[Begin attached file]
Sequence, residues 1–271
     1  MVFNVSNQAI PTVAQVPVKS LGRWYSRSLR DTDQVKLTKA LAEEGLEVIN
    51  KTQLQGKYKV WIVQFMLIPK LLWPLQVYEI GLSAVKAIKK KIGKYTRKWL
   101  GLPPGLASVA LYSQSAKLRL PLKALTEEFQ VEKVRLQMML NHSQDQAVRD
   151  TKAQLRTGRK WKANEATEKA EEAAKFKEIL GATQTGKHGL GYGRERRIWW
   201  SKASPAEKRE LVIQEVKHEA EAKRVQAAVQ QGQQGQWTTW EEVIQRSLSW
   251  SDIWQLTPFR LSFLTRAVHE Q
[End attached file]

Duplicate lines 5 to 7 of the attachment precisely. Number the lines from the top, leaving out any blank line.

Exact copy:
   151  TKAQLRTGRK WKANEATEKA EEAAKFKEIL GATQTGKHGL GYGRERRIWW
   201  SKASPAEKRE LVIQEVKHEA EAKRVQAAVQ QGQQGQWTTW EEVIQRSLSW
   251  SDIWQLTPFR LSFLTRAVHE Q